business

Land prices in Japan's big cities rise for first time in six years

12 Comments
By Junko Fujita

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12 Comments
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After all the years of traveling to Tokyo and ups and downs (mostly downs) in the Japanese economy I've never noticed a redevelopment slowdown in central Tokyo. Commercial and residential towers always seemed to be popping up every time I visited.

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Of course land prices will rise after devaluating the currency.

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I see tall condos near Odaiba and Yokohama, must be several hundred apartments in each tower, but I rarely see lights on or much activity. I wonder if people really live there?

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Land prices are still going down outside the major centres, and I guess this is likely to remain the case so long as Japan's population overall is shrinking (e.g. outside the major centers). Decreasing demand and all that.

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great!

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Of course land prices will rise after devaluating the currency.

102 yen to the buck is "devalued"? LOL. For most of my time in Japan, the rate has been 110 to 140.

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who cares about major centres, i hope land price will go double within next 10 years!!!

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The property values never go up! Unlike in other countries. In Japan the land is worth more than the home people will rather tear it down and rebuild!

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@JeffLee

this is relative yoy, so yes he's correct since it was ~80 a year back

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"since it was ~80 a year back"

That was a spike, an unsustained level and an all time record. I, however, am referring to historical norms.

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102 yen to the buck is "devalued"?

Yes, because you can't take connected currency values out of the context of each country's economic factors that apply right now. The exchange rate used to be 360 yen to the dollar, which accurately reflected the contrasting economic conditions in the US and Japan at that time. But of course those criteria cannot be applied today. "Historical norms", whatever they may be, in a constantly fluctuating market do not reflect today's true values because currencies contrast against each country's present conditions. Japan's currency has been artificially devalued basically by printing more of it and circulating it as much as possible. If Abe hadn't done that the yen would have sustained its 80-yen value against the dollar until the federal reserve manipulated a stronger dollar or other economic conditions took effect.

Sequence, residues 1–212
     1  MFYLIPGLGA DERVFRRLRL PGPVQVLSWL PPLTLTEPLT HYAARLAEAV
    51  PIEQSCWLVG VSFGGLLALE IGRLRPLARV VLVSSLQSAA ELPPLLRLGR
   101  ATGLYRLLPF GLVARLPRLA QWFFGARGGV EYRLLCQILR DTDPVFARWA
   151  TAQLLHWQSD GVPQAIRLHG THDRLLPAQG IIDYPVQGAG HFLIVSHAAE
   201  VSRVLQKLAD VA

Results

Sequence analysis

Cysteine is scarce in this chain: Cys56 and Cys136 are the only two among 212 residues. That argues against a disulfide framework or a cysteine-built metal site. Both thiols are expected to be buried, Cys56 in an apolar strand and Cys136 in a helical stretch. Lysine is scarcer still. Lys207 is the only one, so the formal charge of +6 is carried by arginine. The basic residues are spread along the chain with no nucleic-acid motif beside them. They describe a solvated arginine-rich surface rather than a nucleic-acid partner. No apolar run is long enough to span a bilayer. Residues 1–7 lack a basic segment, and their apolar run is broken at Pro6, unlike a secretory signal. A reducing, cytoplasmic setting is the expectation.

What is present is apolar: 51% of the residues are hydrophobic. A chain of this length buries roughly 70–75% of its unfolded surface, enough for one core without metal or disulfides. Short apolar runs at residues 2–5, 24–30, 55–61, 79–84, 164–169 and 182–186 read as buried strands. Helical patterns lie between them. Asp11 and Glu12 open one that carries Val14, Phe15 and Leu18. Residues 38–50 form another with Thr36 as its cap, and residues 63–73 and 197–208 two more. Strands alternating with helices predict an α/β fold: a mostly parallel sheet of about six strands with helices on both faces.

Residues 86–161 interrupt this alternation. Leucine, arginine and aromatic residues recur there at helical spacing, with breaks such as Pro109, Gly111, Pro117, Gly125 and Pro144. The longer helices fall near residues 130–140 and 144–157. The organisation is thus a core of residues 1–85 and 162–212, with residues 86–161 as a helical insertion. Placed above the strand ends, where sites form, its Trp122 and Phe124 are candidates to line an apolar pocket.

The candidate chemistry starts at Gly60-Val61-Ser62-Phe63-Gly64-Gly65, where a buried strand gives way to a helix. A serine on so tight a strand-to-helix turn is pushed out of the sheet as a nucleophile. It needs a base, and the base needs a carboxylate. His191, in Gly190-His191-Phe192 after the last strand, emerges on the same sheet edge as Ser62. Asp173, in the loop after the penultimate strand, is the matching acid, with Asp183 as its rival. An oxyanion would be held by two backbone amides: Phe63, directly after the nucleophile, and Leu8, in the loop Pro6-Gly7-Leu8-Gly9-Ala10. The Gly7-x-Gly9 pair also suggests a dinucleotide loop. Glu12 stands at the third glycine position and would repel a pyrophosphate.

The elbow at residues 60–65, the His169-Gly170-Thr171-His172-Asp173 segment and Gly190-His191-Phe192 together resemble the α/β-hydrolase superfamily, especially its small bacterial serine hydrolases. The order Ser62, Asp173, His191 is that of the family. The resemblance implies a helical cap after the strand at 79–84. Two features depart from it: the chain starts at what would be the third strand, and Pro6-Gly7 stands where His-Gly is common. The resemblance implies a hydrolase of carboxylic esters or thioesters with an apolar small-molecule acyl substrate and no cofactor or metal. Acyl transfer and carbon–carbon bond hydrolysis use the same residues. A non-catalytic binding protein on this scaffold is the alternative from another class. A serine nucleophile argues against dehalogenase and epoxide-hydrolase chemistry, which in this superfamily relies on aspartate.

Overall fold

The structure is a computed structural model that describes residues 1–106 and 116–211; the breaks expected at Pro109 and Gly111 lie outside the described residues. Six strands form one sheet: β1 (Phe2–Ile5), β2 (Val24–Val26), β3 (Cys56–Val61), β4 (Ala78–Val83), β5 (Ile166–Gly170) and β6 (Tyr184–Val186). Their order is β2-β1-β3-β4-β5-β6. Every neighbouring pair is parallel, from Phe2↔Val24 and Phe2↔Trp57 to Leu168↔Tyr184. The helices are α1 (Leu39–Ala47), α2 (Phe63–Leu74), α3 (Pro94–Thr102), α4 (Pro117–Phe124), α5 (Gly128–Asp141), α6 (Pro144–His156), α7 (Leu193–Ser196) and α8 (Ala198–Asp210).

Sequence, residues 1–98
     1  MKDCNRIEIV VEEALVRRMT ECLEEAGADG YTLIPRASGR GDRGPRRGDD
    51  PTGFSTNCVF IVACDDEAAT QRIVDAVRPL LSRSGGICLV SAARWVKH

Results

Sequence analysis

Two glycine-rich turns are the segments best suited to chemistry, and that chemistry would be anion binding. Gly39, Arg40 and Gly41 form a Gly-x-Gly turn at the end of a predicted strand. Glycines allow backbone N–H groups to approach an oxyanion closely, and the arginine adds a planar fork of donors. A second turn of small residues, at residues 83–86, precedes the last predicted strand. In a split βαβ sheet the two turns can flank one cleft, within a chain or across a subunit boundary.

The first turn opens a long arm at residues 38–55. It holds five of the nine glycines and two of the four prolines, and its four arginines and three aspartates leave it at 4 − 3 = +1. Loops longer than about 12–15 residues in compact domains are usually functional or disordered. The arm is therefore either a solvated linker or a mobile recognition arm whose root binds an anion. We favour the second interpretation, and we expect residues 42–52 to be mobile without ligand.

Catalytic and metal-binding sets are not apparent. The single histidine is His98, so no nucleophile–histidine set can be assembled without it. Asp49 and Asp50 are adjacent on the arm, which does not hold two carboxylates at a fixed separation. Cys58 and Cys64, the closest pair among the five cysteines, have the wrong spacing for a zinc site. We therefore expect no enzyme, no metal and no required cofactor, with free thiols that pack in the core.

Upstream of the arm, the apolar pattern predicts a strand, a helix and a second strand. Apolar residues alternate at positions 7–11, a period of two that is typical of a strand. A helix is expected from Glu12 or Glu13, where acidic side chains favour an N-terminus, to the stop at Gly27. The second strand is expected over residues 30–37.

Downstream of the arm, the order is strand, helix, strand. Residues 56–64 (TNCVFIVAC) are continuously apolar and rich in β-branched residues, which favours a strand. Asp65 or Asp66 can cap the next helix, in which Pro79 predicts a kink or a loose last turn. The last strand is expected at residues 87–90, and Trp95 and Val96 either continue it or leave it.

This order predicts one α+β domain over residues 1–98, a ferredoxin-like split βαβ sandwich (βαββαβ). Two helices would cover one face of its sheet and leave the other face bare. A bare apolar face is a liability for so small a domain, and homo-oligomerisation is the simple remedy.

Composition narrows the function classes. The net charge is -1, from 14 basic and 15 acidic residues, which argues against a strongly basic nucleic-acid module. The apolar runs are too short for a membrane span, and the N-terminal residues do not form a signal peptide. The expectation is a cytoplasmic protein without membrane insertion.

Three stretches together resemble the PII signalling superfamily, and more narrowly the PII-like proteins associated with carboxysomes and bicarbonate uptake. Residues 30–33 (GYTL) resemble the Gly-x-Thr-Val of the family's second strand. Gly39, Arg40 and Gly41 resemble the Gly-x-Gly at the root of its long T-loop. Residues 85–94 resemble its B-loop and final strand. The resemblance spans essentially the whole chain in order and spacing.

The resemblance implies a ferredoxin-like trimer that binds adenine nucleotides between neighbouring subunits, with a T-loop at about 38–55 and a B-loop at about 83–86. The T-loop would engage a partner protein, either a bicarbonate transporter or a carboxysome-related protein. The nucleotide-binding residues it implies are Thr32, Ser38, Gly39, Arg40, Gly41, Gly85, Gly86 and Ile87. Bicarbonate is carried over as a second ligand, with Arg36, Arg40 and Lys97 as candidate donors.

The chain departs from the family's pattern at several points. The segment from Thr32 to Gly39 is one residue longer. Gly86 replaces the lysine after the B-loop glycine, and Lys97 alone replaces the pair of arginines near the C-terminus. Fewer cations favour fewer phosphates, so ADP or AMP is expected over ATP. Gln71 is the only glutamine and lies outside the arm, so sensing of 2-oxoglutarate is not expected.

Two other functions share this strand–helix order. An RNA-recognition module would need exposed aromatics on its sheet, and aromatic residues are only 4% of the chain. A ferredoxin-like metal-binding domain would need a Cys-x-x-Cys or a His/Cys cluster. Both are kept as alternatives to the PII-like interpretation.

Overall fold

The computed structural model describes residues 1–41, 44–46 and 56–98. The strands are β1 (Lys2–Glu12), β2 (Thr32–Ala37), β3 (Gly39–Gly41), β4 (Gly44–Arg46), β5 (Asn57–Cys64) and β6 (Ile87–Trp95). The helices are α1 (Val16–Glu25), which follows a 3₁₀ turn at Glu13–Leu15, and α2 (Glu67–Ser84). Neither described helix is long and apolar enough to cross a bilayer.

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"Historical norms, whatever they may be,"

An average range during the past 10 years or so. It's not rocket science.

"Japan's currency has been artificially devalued basically by printing more of it "

No it hasn't. It's not "printed," for one. The yen is issued and swapped for securities with the commercial banks and exists as numbers on balance sheets. That by itself doesn't create inflation or any other monetary distortion. The evidence? Japan has engaged in QE ("money printing") since 2000 and the currency has shot up on numerous occasions, even to record highs, and also gone back down, regardless of how much yen is being issued or whatever monetary actions were being taken.

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